It’s not often enough that the DiRT team breach the perimeter of Codies HQ as a collective, but when there’s the sights and sounds of a World Rally Championship Stage taking place within driving distance, you know it’s time for a day out. Wales – land of song, home to the mythical King Arthur and birthplace of Tom Jones was our destination – so thermals were donned and asphalt hit as we cracked on with the three hour drive to Wales Rally GB to check out the cream of the crop in action, up close and personal.
You get a truly mesmerising perspective on the action from up there, a real feel for the challenge a driver faces conquering this brutal terrain at speed.
Well, reasonably close. There’s a lot to be said for making your rally camp at a corner in a forest and feeling the rush as cars hurtle past at what feels like touching distance, but instead we ascended the soggy clay path that lead up the hill at Sweet Lamb. And how sweet the view. You get a truly mesmerising perspective on the action from up there, a real feel for the challenge a driver faces conquering this brutal terrain at speed. You can trace each car as it enters the valley below, roars down the slope, hurtles around hairpins, catches air over jumps and splashes through water before charging back up the hill and into the next section. No sooner has one driver carved their own way through this muddy wilderness than another thunders into the complex. You could spend all day up there. So we did.
“Hmmm, we need to make the hills steeper,” I overhear a voice from the back say, thinking aloud above the engine noises reverberating around the valley. “Can’t you just turn it up using sliders like when you’re creating your bloke in Skyrim,” I ask, not earning the team’s universal approval, or perhaps even applause, I’d hoped for what I considered a rather natty solution. Instead, silence, glares, and then mirth.
Apparently, what I’d considered a seemingly superficial change entails significant man hours from across different departments and can have knock on effects on design and the asset delivery pipeline. Yeah. Still, my naivety ensured I had at least done my bit for team morale, as my colleagues very much enjoyed laughing in my face. The day was clearly going to be a one of learning, but not just for me. From Level Designers, to artists, Programmers and Producers, each would be taking something different back home, so back at Codies HQ I had a quick chat with a few of our team and asked them to reflect back on their day.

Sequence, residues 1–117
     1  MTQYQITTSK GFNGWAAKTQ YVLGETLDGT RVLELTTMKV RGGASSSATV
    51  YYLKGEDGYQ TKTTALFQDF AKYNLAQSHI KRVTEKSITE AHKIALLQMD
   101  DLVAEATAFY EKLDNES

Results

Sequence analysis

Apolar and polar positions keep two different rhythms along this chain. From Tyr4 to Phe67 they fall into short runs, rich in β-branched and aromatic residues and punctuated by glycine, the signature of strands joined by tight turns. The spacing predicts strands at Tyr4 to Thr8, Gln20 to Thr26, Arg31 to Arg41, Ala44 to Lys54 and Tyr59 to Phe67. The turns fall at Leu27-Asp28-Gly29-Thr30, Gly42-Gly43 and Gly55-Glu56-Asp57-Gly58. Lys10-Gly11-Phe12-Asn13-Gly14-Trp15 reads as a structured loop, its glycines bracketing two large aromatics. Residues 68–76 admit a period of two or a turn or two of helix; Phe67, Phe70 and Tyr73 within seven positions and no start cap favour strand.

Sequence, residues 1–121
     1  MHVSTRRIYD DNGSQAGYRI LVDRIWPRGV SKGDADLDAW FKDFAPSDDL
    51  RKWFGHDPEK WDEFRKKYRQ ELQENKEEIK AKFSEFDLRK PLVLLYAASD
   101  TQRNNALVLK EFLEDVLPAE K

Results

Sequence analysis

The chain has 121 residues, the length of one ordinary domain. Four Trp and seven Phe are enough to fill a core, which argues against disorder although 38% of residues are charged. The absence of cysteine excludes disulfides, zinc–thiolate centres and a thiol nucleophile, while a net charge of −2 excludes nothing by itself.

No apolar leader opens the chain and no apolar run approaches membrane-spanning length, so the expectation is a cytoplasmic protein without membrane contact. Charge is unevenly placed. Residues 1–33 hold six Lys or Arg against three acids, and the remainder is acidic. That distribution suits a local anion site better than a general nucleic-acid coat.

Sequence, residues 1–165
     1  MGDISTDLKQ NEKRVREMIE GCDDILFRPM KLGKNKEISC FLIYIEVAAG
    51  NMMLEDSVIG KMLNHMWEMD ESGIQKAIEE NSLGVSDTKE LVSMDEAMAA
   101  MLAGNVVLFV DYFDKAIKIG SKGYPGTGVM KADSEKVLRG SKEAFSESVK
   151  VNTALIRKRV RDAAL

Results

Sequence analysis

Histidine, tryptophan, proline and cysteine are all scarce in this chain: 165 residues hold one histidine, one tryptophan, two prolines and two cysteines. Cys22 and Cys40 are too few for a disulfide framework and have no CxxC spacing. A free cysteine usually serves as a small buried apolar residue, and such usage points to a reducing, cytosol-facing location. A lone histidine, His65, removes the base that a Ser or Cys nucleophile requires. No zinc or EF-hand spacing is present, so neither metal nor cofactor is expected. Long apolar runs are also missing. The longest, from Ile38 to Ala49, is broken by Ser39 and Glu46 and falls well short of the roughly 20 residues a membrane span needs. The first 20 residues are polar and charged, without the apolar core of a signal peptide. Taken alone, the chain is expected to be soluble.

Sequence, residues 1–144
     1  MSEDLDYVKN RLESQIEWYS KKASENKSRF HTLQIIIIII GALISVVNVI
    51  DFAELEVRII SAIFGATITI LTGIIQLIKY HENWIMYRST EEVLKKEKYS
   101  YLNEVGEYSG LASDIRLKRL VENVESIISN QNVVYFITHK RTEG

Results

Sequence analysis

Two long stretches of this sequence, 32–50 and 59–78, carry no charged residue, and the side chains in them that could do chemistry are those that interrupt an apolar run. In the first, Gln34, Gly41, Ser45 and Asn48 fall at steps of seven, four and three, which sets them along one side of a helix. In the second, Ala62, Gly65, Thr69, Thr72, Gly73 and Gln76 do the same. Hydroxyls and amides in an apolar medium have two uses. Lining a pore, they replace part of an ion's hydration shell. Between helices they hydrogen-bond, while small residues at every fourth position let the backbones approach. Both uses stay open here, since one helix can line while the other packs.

First up, Audio Coder Justin Andrews…
“It was very interesting from an audio perspective. One of the highlights of the day was for gaining an appreciation of how distant cars interact with the wider environment. We also gained some real insights about how the angle of the car to the listener and the environment affected the sound of the exhaust too. Most of all, the geography of Sweet Lamb was interesting, as you were able to watch a car which was over a mile away and hear how the sounds from the car changed as it travelled past and behind hills and trees. Already, we have a number of ideas which can feedback into the audio reflection and occlusion systems. “
What does Anna Ljungberg, Experienced Programmer have to say?
“I think the thing I found the most interesting was seeing how differently each car and driver took on the complex, for example how differently they took the jumps and corners, especially the water. For example, the WRC cars just powered through and sometimes lost a few pieces of their cars, whereas the national rally entrants were a bit more cautious and some slowed down quite a lot before the water and took it comparatively carefully. ”
You can always take a few more risks when you have a manufacturer picking up the bill I guess.
Finally over to Senior Games Designer, Ross Gowing.
Dealing with the consequences of a crash is something games have strayed away from in recent years and I think players could get a taste for having to limp through the rest of a stage…
“Rally GB reminded me what a fine line each crew treads – the number of cars that came through with bits of bodywork hanging off or missing, and cars that didn’t come through the stage at all due to having crashed earlier in the day; these guys are really pushing to the limit to go as fast as possible, and sometimes it can all go horribly wrong. Dealing with the consequences of a crash is something games have strayed away from in recent years and I think players could get a taste for having to limp through the rest of a stage, rather than just rewinding or hitting restart.”
And what did I learn? Well, I clearly don’t know much about creating hillsides in videogames, but most of all it was really interesting to see how the DiRT guys took in the day. They clearly LOVE their rally, but it wasn’t about just enjoying the sport, more a kind of an impromptu design and development brainstorming session on the top of a rainy hill in Wales. The veterans of the series were giving casual insight to our treasured newbies, and some of those newer hires were raising questions that might not have been asked before.
In the week following, the team was buzzing with new ideas – how do we add this dripping and flicking that comes off all the edges of the bodywork as a mud effect? Who was the man that looked like Doctor Who on the hillside? How do we create a set of photographers that act realistically at the side of the road? Were part of the team really almost killed by a sheep on the way home?
And of course, how do we make the hills steeper?